Man shoots woman who he thought was shooting up his house and car!

I was working as police officer and received a call for a shooting at a address in the city, i was 1st responder! upon arrival, seeing a female on the ground moaning (still alive) and no weapon near her at the time.

my back up arrived along with other officers, we called in ambulance since they stage until we give all clear, she was shot in the leg, good size hole, bleeding pretty good, shot went through and through. msp was applying pressure as much as possible, victim was obviously very intoxicated.

I found the shooter and who was the complaintant who called 911 and told 911 he shot someone in his backyard, he showed me where he left the gun , (on the washing machine close to the back door where he shot from)

Story: He and his son were sound asleep at around 0200-0300, he was woke up by what sounded like loud gun shots hitting his house, in a half dazed sleep he grabbed he 45, loaded and looked out the back door, he seen a dark shadow of a person carrying what looked like to him a long silver in shotgun, the shadow figure commenced to beating on his vehicle and smashing windows out of his car, by this time his son was calling 911, then the unknown person started heading for the back door holding the long silver weapon in a high position like a rifle and stated she was going to kill everyone in the house, by her voice thats when he knew she was a female, fear for his life and sons life, he took one shot at her, doesn’t even remember where he aimed at her, but she went down.

then he shut the door and waited for police and his son stayed on the phone with 911. I later found the weapon by one of the cars, silver in color, it was a baseball bat. she was banging against the house and cars with it. she thought it was another house of an ex-boyfriend.

after all the interviews and photographs and talking to my lt. who was the officer on duty and talking to detective (that I worked with when I was in detective bureau) I made the decision it was going to be self defense.

we had his gun, knew who he was , works in the city area and wont be going anywhere. my fellow detective agreed. my lt. was skeptical and wanted to take homeowner to jail and left prosecutor decide. i had already talked to the on duty prosecutor and he agreed that homeowner need not go to jail either based on the circumstances. homeowner had no criminal history and gun was legally registered to him.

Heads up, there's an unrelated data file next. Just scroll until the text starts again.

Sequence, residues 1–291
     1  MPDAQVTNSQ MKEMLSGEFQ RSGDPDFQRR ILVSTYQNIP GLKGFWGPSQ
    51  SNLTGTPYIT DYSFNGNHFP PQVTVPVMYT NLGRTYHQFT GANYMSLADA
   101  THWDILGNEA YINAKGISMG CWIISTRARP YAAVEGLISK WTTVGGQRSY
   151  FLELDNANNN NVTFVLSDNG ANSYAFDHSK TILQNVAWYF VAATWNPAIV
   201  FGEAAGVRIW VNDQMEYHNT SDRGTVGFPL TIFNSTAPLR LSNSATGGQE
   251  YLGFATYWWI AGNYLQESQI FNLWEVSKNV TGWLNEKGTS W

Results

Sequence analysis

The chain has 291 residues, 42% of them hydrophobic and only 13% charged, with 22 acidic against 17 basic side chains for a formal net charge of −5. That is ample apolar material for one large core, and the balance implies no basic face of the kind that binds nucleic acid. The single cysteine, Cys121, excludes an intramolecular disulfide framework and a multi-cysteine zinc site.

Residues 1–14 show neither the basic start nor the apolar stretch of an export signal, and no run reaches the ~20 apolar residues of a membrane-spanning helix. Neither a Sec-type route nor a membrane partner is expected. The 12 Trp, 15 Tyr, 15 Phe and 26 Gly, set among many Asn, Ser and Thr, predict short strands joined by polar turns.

Female suspect went to hospital, for a few days and then to jail for felonious assault with intent to do great bodily harm. I dont know how the case ended because she plead to a lesser offense 6 months down the road. This was the only time I didn’t have to take the shooter to jail!

Protecting a citizen from going to jail for self defense felt good for a change. the detective did come out to the scene as well and also interviewed the homeowner/shooter on scene as well. it was a long night as usual when on a shooting scene. I tried to keep this short!

Post edited by mods to add paragraphs for readability (hope you don’t mind, Vince!).


Great story @Vince2 . Thank you for sharing.
When I was reading this, in half way my first thought was - “wait a minute, why did he shoot at shadow?”. But eventually I found his decision to be right.
This story shows another aspect of self defense - it is not so easy to place the shot the way we are taught (center mass).


the poor man, earl to late 60s at the time, was so nervous and shaking so bad, he was hoping he didn’t kill her is all he was thinking about when i told him she was using a baseball bat. but, his back yard had very little lighting and i could easily understand why he would think she had a long gun. all officers that responded, local, state and county, we all agreed, based on the circumstances anyone would have believed she had a long gun, banging against the house and car would sound just like gun shots brought out of a deep sleep that time of night. she was lucky. i’m betting he was shaking so hard when he pulled the trigger he didn’t realize that either.


no problem, thanks


Had the prosecutor decided to press charges, I imagine the fate of the shooter would depend greatly on the statement he gave you. The “reasonable person” standard can be subjective. This is why our USCCA cards tell us to call an attorney before giving a statement.


oh yeah, being in court many a times on many cases, this could’ve gone side ways easily! Truth is not what matters in court, what a attorney can get a jury to believe does matter! found this to be true many of times!


“A jury consists of twelve persons chosen to decide who has the better lawyer.”

  • Robert Frost